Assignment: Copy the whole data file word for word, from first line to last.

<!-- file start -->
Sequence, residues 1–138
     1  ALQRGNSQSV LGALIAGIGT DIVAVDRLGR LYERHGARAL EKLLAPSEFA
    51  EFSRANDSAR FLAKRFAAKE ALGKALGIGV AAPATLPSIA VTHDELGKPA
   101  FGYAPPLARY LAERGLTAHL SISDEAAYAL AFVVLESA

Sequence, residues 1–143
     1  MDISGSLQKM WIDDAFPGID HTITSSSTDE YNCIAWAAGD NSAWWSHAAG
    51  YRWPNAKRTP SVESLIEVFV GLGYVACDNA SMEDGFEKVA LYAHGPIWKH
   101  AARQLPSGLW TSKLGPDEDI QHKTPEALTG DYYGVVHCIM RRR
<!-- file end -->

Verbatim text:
Sequence, residues 1–138
     1  ALQRGNSQSV LGALIAGIGT DIVAVDRLGR LYERHGARAL EKLLAPSEFA
    51  EFSRANDSAR FLAKRFAAKE ALGKALGIGV AAPATLPSIA VTHDELGKPA
   101  FGYAPPLARY LAERGLTAHL SISDEAAYAL AFVVLESA

Sequence, residues 1–143
     1  MDISGSLQKM WIDDAFPGID HTITSSSTDE YNCIAWAAGD NSAWWSHAAG
    51  YRWPNAKRTP SVESLIEVFV GLGYVACDNA SMEDGFEKVA LYAHGPIWKH
   101  AARQLPSGLW TSKLGPDEDI QHKTPEALTG DYYGVVHCIM RRR